Laziness is Why I Started Developing for Actions on Google
Two Reasons Why You Should Develop Actions on Google
A few years ago, I got a phone call from a friend from New-York. He said, “Drop everything you’re doing, and start developing apps for the iPhone.”
I protested, skeptical if I had the patience to develop in language like Objective-C. He responded:
“Listen to me, iPhone is going to be the biggest thing ever, and right now their app store is empty.”
So I paid Apple to develop on their platform, built my first app, but I didn’t stick around. At the time, I was mostly creating websites for customers using PHP and JS, and worked on a lot of projects using Java. Getting into the weeds with Objective-C looked seemed like a lot of work just to build on a platform I didn’t believe in. Silly me.
From time to time I still get the old “ I told you so” from him, because he was right: that was the time to develop apps for iPhone. And not wanting to program Objective-C was a lame excuse.
So when the next “Next Big Thing” came around, I was going to be there.
Facebook released their API in 2007, and I found myself spending all my free time hacking the platform and developing as many application as I could. By the time Facebook apps hit the news (and all of a sudden basically every company need an app “just to stay in the game”), I was able to leverage my experience and knowledge of the platform to provide developing service around the clock.
I’ve been creating programs and developing software for more than 25 years, and so you can imagine that the iPhone App Store is not the only “Next Big Thing” I’ve missed, and that Facebook apps is not the only “Big Wave” I’ve caught.
I love geeking out about new technology and being an early adopter, and so I’ve been able to watch many technology fads or waves or whatever you want to call them come and go. I’ve been surprised both by the ones that I thought would succeed but didn’t, and those that I thought wouldn’t stick around but will probably last at least as long as the Internet.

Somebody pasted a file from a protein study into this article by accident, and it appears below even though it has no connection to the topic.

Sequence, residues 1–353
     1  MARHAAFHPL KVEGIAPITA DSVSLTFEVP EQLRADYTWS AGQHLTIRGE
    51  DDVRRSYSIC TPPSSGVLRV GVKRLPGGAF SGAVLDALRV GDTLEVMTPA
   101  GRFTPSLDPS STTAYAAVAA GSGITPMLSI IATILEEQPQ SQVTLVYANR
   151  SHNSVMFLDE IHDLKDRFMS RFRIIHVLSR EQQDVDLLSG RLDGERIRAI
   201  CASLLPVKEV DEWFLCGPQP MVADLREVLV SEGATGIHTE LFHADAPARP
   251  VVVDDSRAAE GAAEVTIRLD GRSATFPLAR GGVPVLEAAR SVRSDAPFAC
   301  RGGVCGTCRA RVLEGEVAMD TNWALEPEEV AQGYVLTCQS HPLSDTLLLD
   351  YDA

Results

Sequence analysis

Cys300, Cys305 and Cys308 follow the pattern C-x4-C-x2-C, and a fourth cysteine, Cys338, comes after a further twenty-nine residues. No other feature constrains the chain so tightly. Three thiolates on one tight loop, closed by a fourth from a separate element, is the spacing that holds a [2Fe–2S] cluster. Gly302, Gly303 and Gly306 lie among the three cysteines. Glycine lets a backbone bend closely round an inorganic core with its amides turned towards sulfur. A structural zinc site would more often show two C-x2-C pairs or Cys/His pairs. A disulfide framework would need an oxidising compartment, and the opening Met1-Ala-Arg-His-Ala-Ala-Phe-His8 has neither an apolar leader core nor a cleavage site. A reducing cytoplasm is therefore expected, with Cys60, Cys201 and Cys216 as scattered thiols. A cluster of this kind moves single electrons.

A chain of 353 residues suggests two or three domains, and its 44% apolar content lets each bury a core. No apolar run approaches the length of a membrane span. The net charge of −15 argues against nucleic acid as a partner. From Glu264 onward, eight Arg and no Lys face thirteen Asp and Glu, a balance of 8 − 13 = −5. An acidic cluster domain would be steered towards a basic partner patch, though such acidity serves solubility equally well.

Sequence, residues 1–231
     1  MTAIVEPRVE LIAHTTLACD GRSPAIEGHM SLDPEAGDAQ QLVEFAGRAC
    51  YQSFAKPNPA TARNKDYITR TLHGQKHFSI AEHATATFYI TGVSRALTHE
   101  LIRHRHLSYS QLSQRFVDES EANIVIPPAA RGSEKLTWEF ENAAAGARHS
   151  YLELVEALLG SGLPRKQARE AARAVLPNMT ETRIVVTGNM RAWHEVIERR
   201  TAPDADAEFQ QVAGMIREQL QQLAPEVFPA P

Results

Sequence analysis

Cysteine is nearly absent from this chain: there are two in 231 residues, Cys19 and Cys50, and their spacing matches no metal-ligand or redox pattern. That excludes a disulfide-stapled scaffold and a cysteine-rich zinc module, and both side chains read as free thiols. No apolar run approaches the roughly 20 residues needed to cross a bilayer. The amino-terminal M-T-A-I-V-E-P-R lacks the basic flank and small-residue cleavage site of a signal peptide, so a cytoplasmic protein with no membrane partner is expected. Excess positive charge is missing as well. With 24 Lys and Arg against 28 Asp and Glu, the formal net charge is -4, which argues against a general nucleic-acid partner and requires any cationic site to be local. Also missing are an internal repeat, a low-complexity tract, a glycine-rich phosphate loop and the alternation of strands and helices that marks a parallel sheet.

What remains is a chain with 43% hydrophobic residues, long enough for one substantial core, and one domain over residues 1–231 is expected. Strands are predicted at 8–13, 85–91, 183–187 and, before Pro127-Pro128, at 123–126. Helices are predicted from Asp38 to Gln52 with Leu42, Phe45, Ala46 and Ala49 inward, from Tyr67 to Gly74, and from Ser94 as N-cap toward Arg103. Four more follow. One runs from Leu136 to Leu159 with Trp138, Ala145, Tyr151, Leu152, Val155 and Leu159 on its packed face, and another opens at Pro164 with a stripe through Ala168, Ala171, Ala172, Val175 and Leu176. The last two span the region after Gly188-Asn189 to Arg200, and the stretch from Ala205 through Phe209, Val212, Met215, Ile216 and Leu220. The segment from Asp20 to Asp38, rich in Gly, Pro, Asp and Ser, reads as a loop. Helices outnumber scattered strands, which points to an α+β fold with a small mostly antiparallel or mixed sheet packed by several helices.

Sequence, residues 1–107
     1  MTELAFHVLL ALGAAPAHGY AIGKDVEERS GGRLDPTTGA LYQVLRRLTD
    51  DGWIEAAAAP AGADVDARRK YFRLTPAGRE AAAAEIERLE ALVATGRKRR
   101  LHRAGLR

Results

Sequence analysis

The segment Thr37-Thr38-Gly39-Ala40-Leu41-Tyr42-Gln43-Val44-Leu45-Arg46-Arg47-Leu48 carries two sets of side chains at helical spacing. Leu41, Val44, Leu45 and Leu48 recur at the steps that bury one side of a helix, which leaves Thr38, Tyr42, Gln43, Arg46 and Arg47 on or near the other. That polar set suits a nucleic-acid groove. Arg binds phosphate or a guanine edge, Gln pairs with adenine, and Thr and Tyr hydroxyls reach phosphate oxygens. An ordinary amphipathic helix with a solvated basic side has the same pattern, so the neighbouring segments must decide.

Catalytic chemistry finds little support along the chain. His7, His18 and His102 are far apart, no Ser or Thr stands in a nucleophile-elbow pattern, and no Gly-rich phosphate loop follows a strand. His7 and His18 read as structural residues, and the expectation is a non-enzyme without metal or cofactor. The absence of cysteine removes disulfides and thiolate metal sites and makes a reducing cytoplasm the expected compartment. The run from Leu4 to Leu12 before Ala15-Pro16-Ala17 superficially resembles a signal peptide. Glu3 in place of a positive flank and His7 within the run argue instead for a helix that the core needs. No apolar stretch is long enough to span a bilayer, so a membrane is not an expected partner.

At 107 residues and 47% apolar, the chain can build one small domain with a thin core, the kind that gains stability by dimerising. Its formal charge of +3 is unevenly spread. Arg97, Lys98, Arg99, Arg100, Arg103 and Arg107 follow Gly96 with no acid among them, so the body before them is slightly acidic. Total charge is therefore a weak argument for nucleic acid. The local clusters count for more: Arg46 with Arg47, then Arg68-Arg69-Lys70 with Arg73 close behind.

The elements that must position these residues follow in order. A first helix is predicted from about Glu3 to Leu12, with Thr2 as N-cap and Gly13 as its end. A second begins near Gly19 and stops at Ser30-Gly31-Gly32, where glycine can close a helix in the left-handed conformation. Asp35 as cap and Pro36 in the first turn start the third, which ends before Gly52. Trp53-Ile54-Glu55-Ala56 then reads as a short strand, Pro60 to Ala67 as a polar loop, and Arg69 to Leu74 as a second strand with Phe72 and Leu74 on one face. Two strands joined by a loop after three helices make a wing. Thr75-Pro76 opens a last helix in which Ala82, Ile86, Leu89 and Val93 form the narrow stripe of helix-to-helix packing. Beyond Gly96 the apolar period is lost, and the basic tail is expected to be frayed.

The point is that no “Next Big Thing” is going to be a sure bet; if you’re always trying to catch the next wave, you have to take some risks and expect some failures.
So why do I think that hacking away on Actions on Google is how you should be spending your free time and gaining experience and expertise in?
Reason #1: Humans are Lazy. But they LOVE to Talk.
As an entrepreneur, I believe that all humans are lazy.
We usually consider laziness as something negative, but entrepreneurs know this is not the case. The best, most amazing, unbelievable, and awesome technological advances were created by the power of laziness.
Just ask Bill Gates:
“I choose a lazy person to do a hard job. Because a lazy person will find an easy way to do it.”
If you look at the history of communication between humans and computers (and technology in general), you will find how it’s been the lazy ones that have helped it improve the most. When I was a kid, my brother gave commands to computers using punch cards, a process that will take hours on hours just to ask from the simplest tasks from a computer.
When I started programming, keyboards helped us do the same job as my brother’s punch cards did but much more quickly and easily. Then some “lazy” genius found a way to improve the man-machine communication interface by adding a device called Mouse. Not that many years later, we got the touchpad. And of course, the touchscreen has stared revolutionizing the way we interact with computers even more. And yet, computers still don’t really “get” us humans, and we need to help them understand.